Peroxidase

I.U.B.: 1.11.1.7
Donor: H2O2 oxidoreductase

Enzymatic Reaction (image will open in a new window) 

Peroxidase (HRP) is a hemoprotein catalyzing the oxidation by hydrogen peroxide of a number of substrates such as ascorbate, ferrocyanide, cytochrome C and the leuco form of many dyes.

formulas

Peroxidase has been found well suited for the preparation of enzyme conjugated antibodies, due in part to its ability to yield chromogenic products, and in part to its relatively good stability characteristics. Peroxidase labeled immunoglobulins have been used successfully as immunohistological probes for the demonstration of tissue antigens, and in enzyme amplified immunoassay systems for the quantitative determination of soluble and insoluble antigens (Nakane and Pierce 1967; Avrameas 1969; Kurstak et al. 1969; Avrameas and Guilbert 1972; van Weeman and Schuurs 1974; Greenwalt et al. 1975). Sternberger et al. (1970) and Moriarty et al. (1973) have described novel soluble peroxidase-antiperoxidase techniques for immunohistochemistry and immunoassay.

The use of the highly specific, sensitive and very stable horseradish peroxidase with a chromogenic donor has proven very useful for assay systems producing hydrogen peroxide; for example, in the determination of glucose or galactose by their respective oxidases and in the determination of certain L-amino acids in conjunction with L-amino acid oxidase (Malmnstadt and Hadjiioannou 1963). A more generalized application of the principle is as follows:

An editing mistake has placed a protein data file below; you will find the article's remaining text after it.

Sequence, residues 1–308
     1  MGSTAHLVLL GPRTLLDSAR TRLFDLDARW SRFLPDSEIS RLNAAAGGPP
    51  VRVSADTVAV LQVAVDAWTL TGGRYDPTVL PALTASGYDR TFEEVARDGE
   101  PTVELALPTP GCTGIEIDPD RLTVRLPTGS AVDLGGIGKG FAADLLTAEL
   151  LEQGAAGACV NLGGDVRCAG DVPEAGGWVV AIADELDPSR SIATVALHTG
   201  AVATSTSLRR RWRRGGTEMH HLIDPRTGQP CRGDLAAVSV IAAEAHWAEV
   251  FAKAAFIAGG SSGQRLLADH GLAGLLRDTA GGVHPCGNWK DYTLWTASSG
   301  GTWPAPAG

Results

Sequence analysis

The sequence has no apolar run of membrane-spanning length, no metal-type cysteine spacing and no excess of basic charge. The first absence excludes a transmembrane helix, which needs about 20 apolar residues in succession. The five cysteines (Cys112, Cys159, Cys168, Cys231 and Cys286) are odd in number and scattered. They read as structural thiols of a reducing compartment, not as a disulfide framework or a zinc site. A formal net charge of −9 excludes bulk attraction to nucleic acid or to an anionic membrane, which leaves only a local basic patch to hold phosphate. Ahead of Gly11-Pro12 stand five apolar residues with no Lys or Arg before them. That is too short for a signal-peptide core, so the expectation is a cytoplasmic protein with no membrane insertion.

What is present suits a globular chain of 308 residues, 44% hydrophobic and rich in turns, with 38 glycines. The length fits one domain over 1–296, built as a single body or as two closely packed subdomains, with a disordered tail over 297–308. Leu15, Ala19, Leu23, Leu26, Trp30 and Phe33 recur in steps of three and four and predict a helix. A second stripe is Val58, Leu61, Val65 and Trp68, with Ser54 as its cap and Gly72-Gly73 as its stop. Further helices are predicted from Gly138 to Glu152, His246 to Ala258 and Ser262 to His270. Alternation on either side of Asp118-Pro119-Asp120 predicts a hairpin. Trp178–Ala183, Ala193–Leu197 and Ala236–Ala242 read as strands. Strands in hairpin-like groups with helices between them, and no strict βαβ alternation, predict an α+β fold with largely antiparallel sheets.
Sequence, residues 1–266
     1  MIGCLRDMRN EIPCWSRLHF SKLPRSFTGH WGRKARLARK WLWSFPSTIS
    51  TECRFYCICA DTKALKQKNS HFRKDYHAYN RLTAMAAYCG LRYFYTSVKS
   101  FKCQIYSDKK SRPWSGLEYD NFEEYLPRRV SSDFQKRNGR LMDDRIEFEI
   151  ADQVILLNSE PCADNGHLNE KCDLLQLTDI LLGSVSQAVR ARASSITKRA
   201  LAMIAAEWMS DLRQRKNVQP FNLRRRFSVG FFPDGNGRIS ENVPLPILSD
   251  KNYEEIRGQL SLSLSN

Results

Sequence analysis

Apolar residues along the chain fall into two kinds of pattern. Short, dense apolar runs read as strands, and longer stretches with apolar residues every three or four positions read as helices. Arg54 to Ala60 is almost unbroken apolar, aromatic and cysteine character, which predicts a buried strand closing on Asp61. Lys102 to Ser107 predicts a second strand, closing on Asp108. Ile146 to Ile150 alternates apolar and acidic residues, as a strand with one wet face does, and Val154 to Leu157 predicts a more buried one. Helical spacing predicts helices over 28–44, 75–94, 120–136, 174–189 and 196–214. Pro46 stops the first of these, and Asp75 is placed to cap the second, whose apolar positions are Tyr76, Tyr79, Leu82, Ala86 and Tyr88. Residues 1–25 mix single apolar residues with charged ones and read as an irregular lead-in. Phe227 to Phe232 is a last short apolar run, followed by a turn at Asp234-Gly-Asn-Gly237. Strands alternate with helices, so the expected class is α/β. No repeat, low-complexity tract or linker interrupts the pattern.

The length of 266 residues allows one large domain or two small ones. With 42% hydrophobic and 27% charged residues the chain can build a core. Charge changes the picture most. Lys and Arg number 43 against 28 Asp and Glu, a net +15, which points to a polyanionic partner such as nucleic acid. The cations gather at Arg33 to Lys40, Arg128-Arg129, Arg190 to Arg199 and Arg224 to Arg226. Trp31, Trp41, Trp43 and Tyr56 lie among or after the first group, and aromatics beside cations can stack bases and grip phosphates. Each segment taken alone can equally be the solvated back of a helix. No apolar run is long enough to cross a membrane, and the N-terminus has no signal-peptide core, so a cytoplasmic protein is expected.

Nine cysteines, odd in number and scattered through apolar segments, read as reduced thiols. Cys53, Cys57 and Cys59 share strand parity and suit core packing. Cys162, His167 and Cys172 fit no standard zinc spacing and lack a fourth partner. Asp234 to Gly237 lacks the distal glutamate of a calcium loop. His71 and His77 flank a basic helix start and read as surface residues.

To a solution of 0.05 M sodium acetate, pH 5.0, add 10 mg o-dianisidine hydrochloride, 18.6 mg EDTA, 5.0 ml of a filtered 0.1% peroxidase solution (equivalent to Worthington Code: HPOD), and 1.0 ml 10% Triton X-100. Dilute to 50 ml with sodium acetate. Protect solution from light. Add 2.0 ml of reagent to 2.0 ml of unknown. After 15 minutes at room temperature, read absorbance at 460 nm. Standard solutions containing from 1 to 3 micrograms of hydrogen peroxide per test are run simultaneously. Alternatively, the extinction coefficient of oxidized o-dianisidine may be used. It has been determined to be 1.13 X 104 M-1 cm-1.

A fluorometric method of determining H2O2 in concentrations as low as 5 X 10-12 mole/ml has been described by Perschke and Broda (1961).

Characteristics of Peroxidase from Horseradish Roots:

Molecular weight: 40,000 (Maehly 1955).

Optimum pH: 7.0 (Maehly 1955).

Composition: Seven isozymes have been described by Shannon et al. (1966);Kay et al. (1967); and Strickland et al. (1968). See also Delincée and Radola (1975) and Shih et al. (1971). All contain photohemin IX as prosthetic group. Neutral and amino sugars account for approximately 18% of the enzyme. Weinryb (1966) indicates that the "active site" involves apoprotein as well as the heme group. See also Lanir and Schejter (1975). Dolman et al. (1975) have reported on the formation of Compound I. See also Dunford et al. (1975), Santimone (1975) and Stillman et al. (1975).

Isoelectric point: 7.2 (Maehly 1955).

Inhibitors: Horseradish peroxidase is reversibly inhibited by cyanide and sulfide at a concentration of 10-5 M (Theorell 1951).

Specificity: The enzyme exhibits a high specificity. Activity is observed with H2O2, MeOOH, and EtOOH (Maehly and Chance 1954). See also Chmielnicka et al. (1971) and Morrison and Bayse (1973).

Stability: The enzyme is quite stable. As a lyophilized powder, it may be stored several years refrigerated.

Please email any suggestions/corrections for this manual entry to Krystal Worthington: krystal@worthington-biochem.com

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